The following components were used for the task:

  • National Instrument’s sbRIO – 9632xt, Embedded control with FPGA
  • National Instrument’s 9853, 2 Port High Speed CAN Bus with 1 Mbps transfer speeds
  • 4x Maxon EC Max 40, Brushless 70watt motors with incremental encoders
  • 4x EPOS2 70/10, 25 A motor controllers

Utilizing the instrumentation mentioned above- we have managed to obtain full control of our linear actuators we have designed. The end result allows us to send packets of information to the sbRIO with desired positions. The real time processor will calculate the PID loops and pass information to the FPGA which will package it up into frames and send it to the CAN bus and onward to the controllers or ‘nodes’. These packets will arrive at a desired node in the network and will execute the frame.

The Labview 10 provided a great example in the Robotics toolkit with drivers of how to obtain communication with the EPOS2 controller. However there was a significant timeout error that we ran into, error decimal 7801, that we would like to share and explain in case someone runs into this issue in the future.

Read CAN.vi<ERR>
CAN read timed out attempting to read COB ID x581.  The data you are trying to
read from the CAN bus timed out before it was recieved.  Make sure your device is communicating properly.

Though originally when we contacted the NI support team for help (Thanks again Greg Jannaman!), we thought the problem was revolved around the program and the timeout in the Read CAN.vi; NI suggested increasing the timeout loop and that gave us a successful result which allowed us to establish communication with the controllers. However, after raising another issue we were having with the EPOS2 controllers starting in the Error/Disabled state (Red LED) we realized the error was in the CAN communication baudrate. The error the EPOS2 would give us upon starting was always “CAN in Error Passive Mode”, to fix this error we utilized the EPOS Studio and accessed the Controller’s Object Dictionary to change the system parameter “Can Bitrate” from decimal value 0, 1Mbps, to 9, Automatically detect bitrate. This resolved the error from appearing each time the network was started.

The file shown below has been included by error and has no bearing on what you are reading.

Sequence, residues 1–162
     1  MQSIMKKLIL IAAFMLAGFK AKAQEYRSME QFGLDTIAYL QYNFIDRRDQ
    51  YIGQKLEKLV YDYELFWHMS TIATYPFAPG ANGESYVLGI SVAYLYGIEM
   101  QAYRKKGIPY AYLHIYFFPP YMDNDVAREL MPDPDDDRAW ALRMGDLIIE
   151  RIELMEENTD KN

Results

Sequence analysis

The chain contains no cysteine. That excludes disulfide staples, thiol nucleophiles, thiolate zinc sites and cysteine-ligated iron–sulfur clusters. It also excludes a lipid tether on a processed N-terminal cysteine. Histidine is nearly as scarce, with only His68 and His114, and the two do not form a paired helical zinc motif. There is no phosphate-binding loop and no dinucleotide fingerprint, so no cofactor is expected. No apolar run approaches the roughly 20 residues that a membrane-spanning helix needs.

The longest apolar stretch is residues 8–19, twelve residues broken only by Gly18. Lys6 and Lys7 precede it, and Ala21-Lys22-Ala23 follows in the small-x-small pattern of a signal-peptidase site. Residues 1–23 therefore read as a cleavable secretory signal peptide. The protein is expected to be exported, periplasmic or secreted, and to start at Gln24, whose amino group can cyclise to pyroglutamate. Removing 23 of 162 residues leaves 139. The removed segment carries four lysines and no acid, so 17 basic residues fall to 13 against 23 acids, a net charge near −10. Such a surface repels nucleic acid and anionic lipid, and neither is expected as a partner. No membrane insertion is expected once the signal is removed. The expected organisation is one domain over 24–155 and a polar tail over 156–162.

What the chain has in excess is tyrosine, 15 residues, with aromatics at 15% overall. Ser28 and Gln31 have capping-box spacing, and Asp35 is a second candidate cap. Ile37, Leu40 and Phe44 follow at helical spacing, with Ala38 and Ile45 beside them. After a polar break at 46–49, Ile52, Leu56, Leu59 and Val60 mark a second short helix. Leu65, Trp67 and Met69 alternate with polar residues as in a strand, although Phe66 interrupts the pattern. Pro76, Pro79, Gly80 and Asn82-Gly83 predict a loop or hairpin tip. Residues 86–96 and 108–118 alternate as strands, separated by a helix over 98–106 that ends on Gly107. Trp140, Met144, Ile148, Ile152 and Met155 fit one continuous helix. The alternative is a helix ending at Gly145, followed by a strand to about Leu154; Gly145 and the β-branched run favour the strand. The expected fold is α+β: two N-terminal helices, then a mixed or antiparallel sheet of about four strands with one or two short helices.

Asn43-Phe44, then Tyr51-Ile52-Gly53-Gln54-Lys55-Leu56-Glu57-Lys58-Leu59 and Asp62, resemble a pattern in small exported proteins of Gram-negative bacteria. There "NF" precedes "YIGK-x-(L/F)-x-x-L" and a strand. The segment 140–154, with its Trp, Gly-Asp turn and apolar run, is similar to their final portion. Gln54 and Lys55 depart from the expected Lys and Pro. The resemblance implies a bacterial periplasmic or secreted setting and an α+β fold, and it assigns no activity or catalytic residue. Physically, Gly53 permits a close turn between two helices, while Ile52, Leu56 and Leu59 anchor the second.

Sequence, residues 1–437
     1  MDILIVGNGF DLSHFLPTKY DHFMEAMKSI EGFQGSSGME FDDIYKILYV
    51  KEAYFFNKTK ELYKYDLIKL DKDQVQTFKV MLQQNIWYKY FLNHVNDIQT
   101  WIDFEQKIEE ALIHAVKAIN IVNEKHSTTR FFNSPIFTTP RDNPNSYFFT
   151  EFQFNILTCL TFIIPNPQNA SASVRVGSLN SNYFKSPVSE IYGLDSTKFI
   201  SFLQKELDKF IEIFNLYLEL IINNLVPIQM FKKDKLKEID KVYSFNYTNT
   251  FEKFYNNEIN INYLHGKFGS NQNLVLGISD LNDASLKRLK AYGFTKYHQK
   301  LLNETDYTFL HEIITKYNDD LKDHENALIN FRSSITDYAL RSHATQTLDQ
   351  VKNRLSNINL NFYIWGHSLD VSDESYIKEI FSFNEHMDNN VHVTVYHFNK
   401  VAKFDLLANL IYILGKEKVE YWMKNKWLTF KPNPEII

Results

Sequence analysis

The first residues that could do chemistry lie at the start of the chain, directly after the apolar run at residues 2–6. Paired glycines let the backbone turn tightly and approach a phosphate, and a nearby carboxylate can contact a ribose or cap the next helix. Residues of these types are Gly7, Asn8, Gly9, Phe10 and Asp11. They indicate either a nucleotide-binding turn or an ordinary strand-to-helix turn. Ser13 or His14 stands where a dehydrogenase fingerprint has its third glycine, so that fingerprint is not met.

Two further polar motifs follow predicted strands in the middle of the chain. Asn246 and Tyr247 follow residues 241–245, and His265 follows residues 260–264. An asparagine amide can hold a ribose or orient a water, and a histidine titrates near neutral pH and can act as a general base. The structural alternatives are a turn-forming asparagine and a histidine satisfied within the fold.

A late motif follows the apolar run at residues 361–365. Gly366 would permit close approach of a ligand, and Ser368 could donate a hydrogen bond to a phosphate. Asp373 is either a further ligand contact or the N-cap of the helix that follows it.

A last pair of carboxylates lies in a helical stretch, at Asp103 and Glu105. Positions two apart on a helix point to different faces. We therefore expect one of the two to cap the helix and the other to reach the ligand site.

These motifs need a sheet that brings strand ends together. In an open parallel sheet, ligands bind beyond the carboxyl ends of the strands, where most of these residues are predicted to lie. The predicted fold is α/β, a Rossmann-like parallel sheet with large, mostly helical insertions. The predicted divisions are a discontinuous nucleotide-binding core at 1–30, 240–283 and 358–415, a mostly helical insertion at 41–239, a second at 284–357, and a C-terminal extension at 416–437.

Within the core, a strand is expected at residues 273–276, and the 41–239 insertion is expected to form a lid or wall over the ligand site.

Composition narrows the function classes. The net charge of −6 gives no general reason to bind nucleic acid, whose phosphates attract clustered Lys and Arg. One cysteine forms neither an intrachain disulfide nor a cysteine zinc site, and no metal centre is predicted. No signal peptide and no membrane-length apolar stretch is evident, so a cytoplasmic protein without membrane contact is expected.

We changed the Motor Position Control.vi to utilize 4 motors. The next step is to implement limit switches with the linear actuators which will allow us to home our motors on each initialization. We will also add force and current sensors into each leg to give us more information about the state of our system as well.

 

We’re at an exciting point in our project and we are overwhelmingly excited to be finally assembling the entire robot within the next two weeks! More news and pictures coming VERY SOON!

 

Yarde Metals, Onvio, Bobobots, Venom and Hydro-Cutter Join as new Sponsors

March 9, 2011 Leave a comment

Hi All,

We’ve been hard at work for the last couple weeks but we’d like to announce a few of our newest sponsors.

Yarde Metals is a worldwide distributor and processor of aluminum, stainless, carbon steel, brass, nickel and titanium alloys.  Yarde’s headquarters is located in Southington, CT and has nine service centers located throughout the U.S.  The company has expanded internationally throughout Europe and Asia. They have provided us some  amazing discounts on their metal.